- One should expect to be home from work or school for one week following a breast augmentation, avoiding activities such as driving or lifting.
- Recovery from implants placed under the muscle may be more uncomfortable as compared with the recovery from implants placed over the muscle.
- Postoperative discomfort may be alleviated with low dose valium (2mg – 4mg every 6 hours) or Exparel liposomal bupivacaine injected by your surgeon at the time of the surgery. Exparel has been shown to dramatically reduce postoperative discomfort for up to 3 days after surgery.
- Sutures may be dissolvable or removable. Removable sutures are usually taken out at 10-14 days.
- A postoperative bra or sports bra should be worn for 4-6 weeks.
- Massage to the breasts should be started in the first week to help the implants drop into position. Note that saline implants require more massage than silicone implants.
- You should avoid sleeping on your belly or sides for 4-6 weeks.
- Avoid lifting anything over 10 lbs. for 4-6 weeks.
- You may resume exercising after the 2 weeks. You should avoid any isolated chest exercises for 3 months.
- Scar regimens (scar cream, silicone sheeting, etc.) should be started at 4-6 weeks after surgery, once the incisions are healed and free of any scabbing.
» Learn more about what to expect during breast augmentation recovery
What are the risks of a breast augmentation?
Although breast augmentation is a very safe procedure when performed by a skilled surgeon, there are risks associated with the procedure. These include:
- Wound breakdown
- Implant malposition
- Changes/loss of sensation to the breast and/or nipple area
- Implants too large/too small
- Capsular contracture – excessive scar tissue around the implant distorts the implant and may cause pain
- Excessive/hypertrophic scarring
Links with breast implants and other diseases
Women with textured surfaced breast implants (either saline-filled or silicone filled) have a low but increased risk of developing breast implant-associated anaplastic large cell lymphoma (BIA-ALCL).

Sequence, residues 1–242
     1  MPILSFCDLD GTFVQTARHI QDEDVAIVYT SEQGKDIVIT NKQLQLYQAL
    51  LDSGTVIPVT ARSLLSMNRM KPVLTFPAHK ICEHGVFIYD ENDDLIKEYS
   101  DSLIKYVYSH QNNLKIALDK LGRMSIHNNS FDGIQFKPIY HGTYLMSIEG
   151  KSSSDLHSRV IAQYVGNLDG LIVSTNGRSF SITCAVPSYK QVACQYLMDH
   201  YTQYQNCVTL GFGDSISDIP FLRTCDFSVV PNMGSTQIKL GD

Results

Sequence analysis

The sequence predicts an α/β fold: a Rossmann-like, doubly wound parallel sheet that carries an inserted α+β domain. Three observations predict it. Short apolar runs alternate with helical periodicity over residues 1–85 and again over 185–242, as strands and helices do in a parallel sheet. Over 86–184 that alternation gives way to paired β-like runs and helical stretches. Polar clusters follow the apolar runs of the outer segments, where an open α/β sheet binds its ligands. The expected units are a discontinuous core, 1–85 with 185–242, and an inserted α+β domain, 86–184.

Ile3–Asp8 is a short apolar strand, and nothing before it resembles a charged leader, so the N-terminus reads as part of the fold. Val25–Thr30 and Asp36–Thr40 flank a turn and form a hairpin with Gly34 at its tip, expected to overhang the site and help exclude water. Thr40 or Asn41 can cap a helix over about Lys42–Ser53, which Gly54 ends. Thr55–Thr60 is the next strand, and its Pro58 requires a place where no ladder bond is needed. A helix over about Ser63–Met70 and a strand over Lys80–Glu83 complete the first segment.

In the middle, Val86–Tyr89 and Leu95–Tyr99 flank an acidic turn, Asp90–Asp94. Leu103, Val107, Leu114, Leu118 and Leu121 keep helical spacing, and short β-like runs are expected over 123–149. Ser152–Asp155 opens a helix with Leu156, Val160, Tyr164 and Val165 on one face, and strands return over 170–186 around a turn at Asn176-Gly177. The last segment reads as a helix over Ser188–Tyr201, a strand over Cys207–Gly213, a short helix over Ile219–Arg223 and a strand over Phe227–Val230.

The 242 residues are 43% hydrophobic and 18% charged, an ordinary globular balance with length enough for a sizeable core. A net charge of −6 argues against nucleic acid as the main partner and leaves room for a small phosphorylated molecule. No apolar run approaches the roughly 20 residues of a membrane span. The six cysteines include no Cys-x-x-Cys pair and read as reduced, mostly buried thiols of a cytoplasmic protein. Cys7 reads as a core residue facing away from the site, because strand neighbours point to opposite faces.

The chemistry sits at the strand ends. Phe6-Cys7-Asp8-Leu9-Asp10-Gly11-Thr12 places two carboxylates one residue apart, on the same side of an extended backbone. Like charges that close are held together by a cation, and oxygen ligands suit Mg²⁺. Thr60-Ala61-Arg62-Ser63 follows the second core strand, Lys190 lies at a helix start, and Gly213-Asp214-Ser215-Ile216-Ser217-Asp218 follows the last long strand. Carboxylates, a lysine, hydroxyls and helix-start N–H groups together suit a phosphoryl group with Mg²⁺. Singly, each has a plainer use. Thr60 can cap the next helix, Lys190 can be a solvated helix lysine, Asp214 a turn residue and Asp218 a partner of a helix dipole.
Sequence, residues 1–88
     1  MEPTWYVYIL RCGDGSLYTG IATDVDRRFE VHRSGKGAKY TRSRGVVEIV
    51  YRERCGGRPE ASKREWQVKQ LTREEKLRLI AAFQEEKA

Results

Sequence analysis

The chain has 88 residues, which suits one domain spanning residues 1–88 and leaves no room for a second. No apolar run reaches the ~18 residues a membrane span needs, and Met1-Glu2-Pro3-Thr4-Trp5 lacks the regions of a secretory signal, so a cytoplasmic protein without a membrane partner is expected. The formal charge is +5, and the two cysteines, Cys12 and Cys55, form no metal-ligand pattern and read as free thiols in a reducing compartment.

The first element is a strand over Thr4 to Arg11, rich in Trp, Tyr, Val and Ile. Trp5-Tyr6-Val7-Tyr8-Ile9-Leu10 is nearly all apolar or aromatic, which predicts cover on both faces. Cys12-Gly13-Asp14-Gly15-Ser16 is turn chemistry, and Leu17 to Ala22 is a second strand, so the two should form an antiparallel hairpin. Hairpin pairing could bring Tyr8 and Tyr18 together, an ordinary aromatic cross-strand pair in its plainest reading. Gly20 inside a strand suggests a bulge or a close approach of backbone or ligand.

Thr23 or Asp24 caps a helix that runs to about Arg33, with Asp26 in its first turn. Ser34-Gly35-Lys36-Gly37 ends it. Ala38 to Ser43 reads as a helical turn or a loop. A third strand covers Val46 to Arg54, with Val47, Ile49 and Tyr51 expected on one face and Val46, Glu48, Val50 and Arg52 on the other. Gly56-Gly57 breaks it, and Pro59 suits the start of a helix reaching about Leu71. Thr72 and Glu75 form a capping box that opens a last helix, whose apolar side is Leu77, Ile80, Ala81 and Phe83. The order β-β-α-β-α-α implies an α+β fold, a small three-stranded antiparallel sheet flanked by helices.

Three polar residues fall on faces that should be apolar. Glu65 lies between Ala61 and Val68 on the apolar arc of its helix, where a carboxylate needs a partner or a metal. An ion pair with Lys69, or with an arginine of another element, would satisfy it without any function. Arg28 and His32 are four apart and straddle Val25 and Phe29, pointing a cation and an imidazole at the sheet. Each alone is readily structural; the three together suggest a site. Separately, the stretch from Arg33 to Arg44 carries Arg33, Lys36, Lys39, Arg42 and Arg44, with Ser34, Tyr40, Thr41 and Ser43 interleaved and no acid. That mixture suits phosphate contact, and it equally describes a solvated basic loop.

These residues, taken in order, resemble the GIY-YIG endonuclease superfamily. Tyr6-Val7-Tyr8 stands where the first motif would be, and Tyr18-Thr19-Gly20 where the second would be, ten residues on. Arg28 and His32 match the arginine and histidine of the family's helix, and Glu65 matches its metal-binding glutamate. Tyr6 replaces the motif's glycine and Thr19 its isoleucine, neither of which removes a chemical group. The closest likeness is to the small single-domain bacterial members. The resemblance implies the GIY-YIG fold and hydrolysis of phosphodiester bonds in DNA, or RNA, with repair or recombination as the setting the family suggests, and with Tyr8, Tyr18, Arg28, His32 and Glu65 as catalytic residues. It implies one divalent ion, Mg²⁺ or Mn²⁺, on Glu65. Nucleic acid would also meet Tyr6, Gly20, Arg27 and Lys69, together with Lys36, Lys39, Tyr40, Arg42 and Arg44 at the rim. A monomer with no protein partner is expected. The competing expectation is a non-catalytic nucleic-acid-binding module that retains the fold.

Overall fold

Breast implants have not been shown to be a cause of any known systemic autoimmune diseases, including lupus, scleroderma, or Sjogren’s syndrome.
What is Breast Implant Illness?
Breast Implant Illness (BII) is a name given to cover a range of symptoms that have been described by women who have undergone breast augmentation with either saline or silicone implants.
- Muscle weakness
- Brain fog
- Panic attacks
- Short term memory loss
- Hair Loss
- Changes in skin
Is has been postulated that these symptoms are due to elevated IgE serum antibodies in response to the silicone present in both saline-filled and silicone-filled breast implants. A scientific link has not been established.
Picking a surgeon for breast augmentation
When selecting a surgeon to perform a breast augmentation, it is important to select an experienced practitioner to minimize the risk of complications and maximize the chances of a successful outcome.
Surgeons performing the procedure should be board certified by the American Board of Plastic Surgery, the American Board of Medical Specialties accredited member board for plastic surgeons.
The surgeon you select should only perform the procedure at a hospital, an accredited surgical center, or an accredited office-based operating room.
Fat grafting as a means of breast augmentation far less popular as compared with implants as it is limited to those who have sufficient fat to graft and can only increase the breast by one cup size.
Breast enlargement pills
Pills and supplements that claim to increase the size of the breasts typically consist of herbal supplements that mimic the effects of estrogen. Short term, they may enhance the size of the breasts by promoting water retention. Longer term, they may stimulate estrogen receptors within the breast tissue to increase breast tissue growth. There is no proof that any of these pills or supplements show clinically significant enlargement of breast size, and they may actually be harmful to your health.